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Lobbyists' Role in Food Rules Questioned

Industry Figures Attended 10 Meetings, Group Says

By Marc Kaufman
Washington Post Staff Writer
Thursday, September 30, 2004; Page A23

Food industry lobbyists met privately with Bush administration officials 10 times while the government was crafting rules to protect the food supply from bioterrorism, and those congressionally required rules emerged in significantly weakened form as a result, a consumer group said yesterday after analyzing meeting records.

Most of the lobbyists had one meeting each with the Office of Management and Budget, but lobbyists for the Grocery Manufacturers of America and for Altria Group Inc., parent company of Kraft Foods, met with OMB officials three and four times each, according to records on the agency's Web site.

In 2002, President Bush signed bioterrorism legislation aimed at improving food inspections. Lobbyist meetings with administration officials on implementation of the rules are under scrutiny. (Jahi Chikwendiu -- The Washington Post)

The meetings focused on proposed regulations to implement the Public Health Security and Bioterrorism Preparedness and Response Act of 2002. The law requires companies importing food to give advance notice to the Food and Drug Administration about arriving shipments and to keep records of where the food came from and where it is going.

In the winter and spring of 2003, the FDA issued proposed regulations on both issues that consumer groups considered tough and effective. But the final rule on prior notice, issued in October 2003, greatly reduced the advance notice requirements on industry, and the final rule on record-keeping has not been released yet.

"It seems pretty obvious that the additional lobbying done by the industry had an impact," said Caroline Smith DeWaal, who has followed the issue for the Center for Science in the Public Interest. "Industry got another bite at the apple and, as far as we can tell, none of the consumer groups did. And the result is regulations that the industry likes, but that don't fully protect the public interest."

Because of the changes, she said, "FDA may well not have the appropriate authorities to respond quickly if there was a terrorist attack using the food supply."

Chad Kolton, spokesman for OMB, said there was nothing unusual about the meetings between top agency figures and industry representatives. If consumer groups had requested similar meetings, he said, they would have been held.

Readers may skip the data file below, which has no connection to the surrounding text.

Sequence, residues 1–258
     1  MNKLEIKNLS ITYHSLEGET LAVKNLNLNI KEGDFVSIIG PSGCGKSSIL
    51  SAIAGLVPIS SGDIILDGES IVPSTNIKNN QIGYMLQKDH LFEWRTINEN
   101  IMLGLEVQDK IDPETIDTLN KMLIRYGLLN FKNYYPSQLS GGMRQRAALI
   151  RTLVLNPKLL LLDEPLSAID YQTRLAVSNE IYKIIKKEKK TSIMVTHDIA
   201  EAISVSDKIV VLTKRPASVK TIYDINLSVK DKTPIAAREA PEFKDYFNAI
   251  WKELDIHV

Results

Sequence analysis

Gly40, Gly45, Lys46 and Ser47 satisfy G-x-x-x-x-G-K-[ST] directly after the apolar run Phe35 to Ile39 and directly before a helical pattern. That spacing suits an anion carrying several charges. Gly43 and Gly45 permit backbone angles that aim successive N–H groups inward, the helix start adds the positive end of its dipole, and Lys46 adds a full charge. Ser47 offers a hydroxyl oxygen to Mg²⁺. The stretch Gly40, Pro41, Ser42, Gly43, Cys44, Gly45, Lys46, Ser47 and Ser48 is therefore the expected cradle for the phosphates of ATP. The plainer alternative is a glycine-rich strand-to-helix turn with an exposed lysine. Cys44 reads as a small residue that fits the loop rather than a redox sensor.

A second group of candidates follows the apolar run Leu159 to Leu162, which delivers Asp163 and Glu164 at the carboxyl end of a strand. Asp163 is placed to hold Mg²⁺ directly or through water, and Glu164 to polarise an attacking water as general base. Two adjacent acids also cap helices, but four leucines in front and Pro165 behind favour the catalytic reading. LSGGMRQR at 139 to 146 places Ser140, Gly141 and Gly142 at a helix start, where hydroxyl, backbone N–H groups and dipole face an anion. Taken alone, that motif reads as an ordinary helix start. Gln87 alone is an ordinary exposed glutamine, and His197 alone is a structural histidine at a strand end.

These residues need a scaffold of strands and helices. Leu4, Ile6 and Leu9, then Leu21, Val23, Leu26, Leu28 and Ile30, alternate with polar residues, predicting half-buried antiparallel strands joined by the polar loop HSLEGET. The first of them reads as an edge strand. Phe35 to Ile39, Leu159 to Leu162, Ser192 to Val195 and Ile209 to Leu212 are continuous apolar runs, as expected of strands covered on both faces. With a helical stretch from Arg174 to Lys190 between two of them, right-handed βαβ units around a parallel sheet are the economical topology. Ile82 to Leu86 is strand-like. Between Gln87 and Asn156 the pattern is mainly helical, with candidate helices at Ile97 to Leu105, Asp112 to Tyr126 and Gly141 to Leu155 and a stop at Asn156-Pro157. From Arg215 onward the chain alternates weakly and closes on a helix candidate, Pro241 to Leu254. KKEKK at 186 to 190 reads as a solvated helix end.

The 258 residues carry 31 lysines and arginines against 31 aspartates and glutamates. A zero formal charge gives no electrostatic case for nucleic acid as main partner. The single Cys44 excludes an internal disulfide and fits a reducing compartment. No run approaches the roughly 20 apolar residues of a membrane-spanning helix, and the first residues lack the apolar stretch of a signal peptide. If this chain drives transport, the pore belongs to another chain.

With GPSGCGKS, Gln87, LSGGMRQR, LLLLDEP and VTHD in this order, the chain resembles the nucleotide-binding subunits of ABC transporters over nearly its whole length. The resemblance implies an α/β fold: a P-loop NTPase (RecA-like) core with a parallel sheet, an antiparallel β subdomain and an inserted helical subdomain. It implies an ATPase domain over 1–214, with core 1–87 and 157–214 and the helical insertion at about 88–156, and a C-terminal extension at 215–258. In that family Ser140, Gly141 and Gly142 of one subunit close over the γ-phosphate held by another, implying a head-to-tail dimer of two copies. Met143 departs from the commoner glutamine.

Kolton said his agency had little to do with the changes in the FDA regulations after the industry meetings with OMB.

He said, for instance, that the prior-notice rule -- which initially required importers to notify the FDA about the contents of shipments by noon of the day before arrival -- had been significantly changed by the FDA before the proposal reached OMB. The final rule requires two hours' notice from truckers, four hours for cargo coming by air or rail, and eight hours for food coming in by ship.

Regarding the record-keeping provisions, Kolton said that "we have been engaged in informal conversations with relevant agencies, but a rule has not been submitted yet to OMB for interagency review." When the Bioterrorism Act was passed in 2002, the FDA was given 18 months to pass implementing regulations -- a deadline that passed in late 2003.

FDA spokesman Brad Stone agreed that the agency changed the prior-notice provision, and that the issue of record-keeping remains unresolved. He said "informal conversations" took place between OMB and FDA on prior notice in particular, but that "in a rulemaking context, we factor in lots of comments from lots of sources."

Stephanie Childs, spokeswoman for the Grocery Manufacturers of America, said that the group had problems with the FDA's initial regulations, and that those objections were conveyed to the FDA and OMB.

She said that while the FDA did well in responding to the "enormous undertaking" regarding food and terrorism, the agency "did not have at its fingertips information on the reality of how business works to protect the food supply. . . . We all want regulations to protect against bioterrorism, but in a way to achieve the goals and still allow the business to operate in an efficient manner."

She said OMB was involved in developing the regulations because "OMB has a role in all regulation."

The issue of Bush administration meetings with industry groups has been controversial since the beginning of the president's term, when Vice President Cheney convened discussions on energy policy limited to industry figures. DeWaal likened the bioterrorism regulations to the energy policy process, in that the administration did not seek out the views of groups outside industry.

"In the past, we've been called by OMB and invited to come in to discuss particular regulations," she said. "On this issue, we got no calls and didn't know the regulation was in trouble until it was too late."

The 10 meetings with industry lobbyists took place from March 2003 to March 2004. In addition to GMA and Altria, industry participants included ConAgra Foods Inc., the World Shipping Council, the National Fisheries Institute Inc., Procter & Gamble, the National Food Processors Association, the Kroger Co. and Safeway Inc.

Among those taking part in some of the meetings was John D. Graham, administrator of the OMB's Office of Information and Regulatory Affairs. That office coordinates the federal government's regulatory reviews as well as statistical and information policy.

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